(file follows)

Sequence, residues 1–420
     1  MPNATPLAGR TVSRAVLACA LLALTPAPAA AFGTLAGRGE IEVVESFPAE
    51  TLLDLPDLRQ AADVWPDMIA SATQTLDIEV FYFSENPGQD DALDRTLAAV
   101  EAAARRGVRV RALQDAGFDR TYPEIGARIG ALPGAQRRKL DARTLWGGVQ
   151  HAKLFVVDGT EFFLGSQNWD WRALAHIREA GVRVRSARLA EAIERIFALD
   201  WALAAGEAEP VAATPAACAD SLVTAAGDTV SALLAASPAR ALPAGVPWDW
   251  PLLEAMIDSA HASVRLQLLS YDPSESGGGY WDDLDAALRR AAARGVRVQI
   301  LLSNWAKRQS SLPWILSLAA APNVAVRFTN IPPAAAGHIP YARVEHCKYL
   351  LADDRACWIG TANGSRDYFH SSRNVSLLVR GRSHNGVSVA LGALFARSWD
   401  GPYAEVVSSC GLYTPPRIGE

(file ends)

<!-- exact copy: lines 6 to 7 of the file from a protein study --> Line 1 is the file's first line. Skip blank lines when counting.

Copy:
   201  WALAAGEAEP VAATPAACAD SLVTAAGDTV SALLAASPAR ALPAGVPWDW
   251  PLLEAMIDSA HASVRLQLLS YDPSESGGGY WDDLDAALRR AAARGVRVQI